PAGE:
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About Us

In 2009 the Centre for Surgical Invention and Innovation (CSii) was granted $15 million by the Network Centres of Excellence CECR program to establish a non-for-profit research incubator, to leverage Canadian investment in space technology for use in the development of Image Guided Automated Robotics (IGAR) and support the research and development of IP generated by researchers in the field of medical robotics and related technologies.

Since its inception CSii has the support of two very strong host organizations, St. Joseph’s Healthcare Hamilton and McMaster University, both of whom support CSii’s efforts by providing access to world-class facilities as well as opportunities to utilize strong proven clinical and research expertise to ensure that our goals will achieve a wide benefit to Canada.

St. Joseph's Hospital provided space for testing and clinical validation of CSii's new platforms. McMaster University is in the midst of planning and building an 80,000 sq. ft building at McMaster Innovation Park for "Emerging Technologies". It is hoped that commercial production of CSii's systems will be located in this new building.

CSii also has fostered support and partnership of key academic leaders and organizations across Canada (Quebec, Ontario, and Alberta) and internationally (USA, France, Netherlands, Israel). 

The relationship with the Ministry of Health and Long Term Care of Ontario has allowed CSii to gain much insight into implementation of new technologies and techniques in clinical setting in our largest province. Similar relationships with Ministries of Health across Canada (Quebec, Alberta, BC) are under development.

By using AI to synergize all expert human knowledge into a system capable of independent diagnosis, planning, and action, we can transform the screening and diagnosis of most common cancers and provide immediate necessary care in cases of trauma where limited access to experts is available. This will significantly enhance access for Canadians to high-quality care irrespective of where they live.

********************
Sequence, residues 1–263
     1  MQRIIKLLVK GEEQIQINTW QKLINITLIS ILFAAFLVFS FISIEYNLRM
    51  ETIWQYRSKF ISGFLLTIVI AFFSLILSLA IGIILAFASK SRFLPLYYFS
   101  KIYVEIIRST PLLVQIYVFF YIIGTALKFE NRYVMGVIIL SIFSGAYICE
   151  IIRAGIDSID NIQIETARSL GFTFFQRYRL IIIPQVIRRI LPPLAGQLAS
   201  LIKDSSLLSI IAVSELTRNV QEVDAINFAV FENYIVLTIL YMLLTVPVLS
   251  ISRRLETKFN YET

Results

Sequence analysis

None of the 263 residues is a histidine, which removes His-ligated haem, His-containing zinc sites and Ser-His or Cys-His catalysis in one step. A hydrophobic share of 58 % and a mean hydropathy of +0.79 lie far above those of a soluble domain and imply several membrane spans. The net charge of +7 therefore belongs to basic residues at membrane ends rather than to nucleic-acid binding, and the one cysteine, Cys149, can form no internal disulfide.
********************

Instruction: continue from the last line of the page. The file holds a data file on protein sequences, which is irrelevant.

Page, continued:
In addition, the successful completion of this project will inspire a new era of healthcare technologies and solidify Canada’s leadership in the field of robotics, AI, and associated new technologies in addition to creating high value jobs.

Partnered with CSii through every step of this journey is MacDonald Dettwiler and Associates (MDA) who came on board as the primary corporate partner for our robotic development. MDA has been a committed partner, offering not only their extensive robotics expertise, but knowledge and support in business planning, forecasting, market analysis, and government relations. They are keenly invested in the success of CSii and plan to continue to partner with CSii to successfully launch our first commercial system, and to development and build of our future platforms.  

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The CSii – MDA jointly owned start-up, Insight Medbotics Canada Corp, will create over 100 high tech jobs in Southern Ontario and Canada, attract bright and talented engineers and physicians, and facilitate the training of scores of highly qualified individuals. 

In addition to the partnership of the co-founders, Insight Medbotics is working to establish partnerships in distribution (GE Healthcare, Stryker, Hologic, others) as well as therapeutic device manufacturers (Sanarus and others). Insight Medbotics will address a global market and will be exporting via subsidiaries and partnerships to US and European markets.

Learn About Insight Medbotics

An ongoing partnership with the Canadian Space Agency (CSA) has enabled CSii to develop IGAR’s tele operable capabilities which will provide greater healthcare access to Canadians living in remote areas of the country. CSii completed the development of IGAR, a propriety robotic platform with image guidance and automation capabilities and software architecture that supports tele-operation.

Partnership and funding from CSA have also fueled the Deep Learning project undertaken by CSii and IBM which has enabled the team to develop autonomous IGAR technology which requires no human intervention. These systems will expedite the screening, diagnosis, and treatment of breast and prostate cancer—the most common cancers affecting women and men worldwide.

The group aims to collaborate with the Canadian Space Agency to build a fully autonomous robot capable of diagnosis and treatment of a number of medical/surgical emergencies that could be encountered on long space missions, particularly on a journey to MARS (2-2.5 years duration). Such a system will advance Canada’s stated position to take a leadership role in the provision of medical/surgical care of the crew in future long-term space missions (CSA Deep Space Report, 2017).

See Our Partnerships